Beyond Courses, Dissertations, and Exams

connecting my math graduate school experience and career

Posted by Steven Clontz on April 24, 2023

On April 25 I’m giving a talk at Auburn University’s Department of Mathematics and Statistics graduate student seminar. My alma mater invited me to share about my experiences in grad school, and how it prepared me for my academic career.

I’m writing the below in a bit more generality, in case it’s maybe useful for other graduate students looking ahead to life after the defense.

Note: it’s looking like I won’t have time to complete this post before my talk, so I’ll finish writing everything up as soon as I can this week.

The basic stuff

I arrived at Auburn in 2004 as a freshman, and left with my PhD in 2015. This is not a strategy I usually advise, but between my personal and academic interests, I think it wasn’t unreasonable for my own situation.

While in graduate school, I kept a 4.0 GPA. I think this has been mentioned exactly once ever since in a professional setting. Completing courses is obviously important, and I’m sure the respect I earned from my faculty mentors corollated with these good grades, but I do regret the stress I put on myself at times worrying about them along the way.

While a Master’s student (originally both in math and math education, though I quickly dropped the latter) I completed the three preliminary exams required of PhD students: topology, graph theory, and complex analysis. I knew I wanted to study topology or graph theory, so choosing those was easy. I don’t remember why I picked complex for the third (maybe purely based on scheduling), but I do remember having to relearn most of it five or so years later when I was assigned to teach an undergraduate section at South.

When I was a graduate student, “topology” meant “set theoretic topology and maybe some continuum theory” to me. I’m not sure that’s a perspective that’s even possible almost anywhere besides Auburn. While most researchers I’ve met seem to view first-semester graduate topology as the details you slog through so you can enjoy the geometric/algebraic/low-dimensional stuff, I loved the word puzzles and technicalities and counterexamples one needs to dream up to define a $T_2$ but not regular space, and Auburn has some great faculty working in this space. It wasn’t until I was looking at the job market that I realized how niche my area of focus was. I’m not sure if knowing this earlier would have changed my mind at the time, but I definitely tell this upfront to graduate students who want work with me at South. I’ve mentored one Master’s student and co-authored a nice paper with them, but they now are in a PhD program studying graph theory at UC Denver.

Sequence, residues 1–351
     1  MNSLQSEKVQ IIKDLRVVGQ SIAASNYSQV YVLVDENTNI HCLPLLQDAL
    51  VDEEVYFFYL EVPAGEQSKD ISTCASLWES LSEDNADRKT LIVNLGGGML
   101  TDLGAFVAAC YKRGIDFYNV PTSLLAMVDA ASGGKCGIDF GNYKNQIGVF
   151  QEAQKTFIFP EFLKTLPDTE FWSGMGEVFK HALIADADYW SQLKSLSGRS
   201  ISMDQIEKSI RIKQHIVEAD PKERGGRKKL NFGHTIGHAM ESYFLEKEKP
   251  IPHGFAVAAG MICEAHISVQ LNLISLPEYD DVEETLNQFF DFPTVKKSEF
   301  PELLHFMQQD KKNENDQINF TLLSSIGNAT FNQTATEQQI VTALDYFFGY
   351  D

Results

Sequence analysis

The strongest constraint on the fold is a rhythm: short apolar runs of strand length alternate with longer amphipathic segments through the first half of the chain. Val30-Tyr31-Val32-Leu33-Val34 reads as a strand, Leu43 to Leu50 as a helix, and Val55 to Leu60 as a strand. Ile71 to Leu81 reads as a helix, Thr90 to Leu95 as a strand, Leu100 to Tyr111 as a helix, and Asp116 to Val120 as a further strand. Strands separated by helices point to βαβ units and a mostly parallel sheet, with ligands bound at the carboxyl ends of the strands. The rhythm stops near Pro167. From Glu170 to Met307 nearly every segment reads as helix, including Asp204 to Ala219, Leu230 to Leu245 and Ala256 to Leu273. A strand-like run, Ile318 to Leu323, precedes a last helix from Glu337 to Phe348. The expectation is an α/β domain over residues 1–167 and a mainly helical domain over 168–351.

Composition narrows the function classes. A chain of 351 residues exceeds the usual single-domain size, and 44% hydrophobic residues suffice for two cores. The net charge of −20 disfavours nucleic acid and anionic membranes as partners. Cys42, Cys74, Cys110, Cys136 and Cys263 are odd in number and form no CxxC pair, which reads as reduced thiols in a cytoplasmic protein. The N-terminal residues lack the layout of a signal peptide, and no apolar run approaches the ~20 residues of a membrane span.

Ultimately (and perhaps expectedly), my dissertation, directed by Gary Gruenhage, was by far the most important artifact of my required activities as a graduate student. As one does, I spent two or three years playing it out into a handful of my initial publications. I remember being quite nervous about how I’d advance my scholarship without having my regular meetings with Gary. It took me longer than it should have to figure out the trick: you probably won’t be very productive working without mentors or collaborators. While I had lots of friends and collaborators (on non-research projects) during graduate school, I wish that part of my graduate experience involved working directly with other students on research, so I could have learned earlier how to work with colleagues rather than just my major professor.

The extra stuff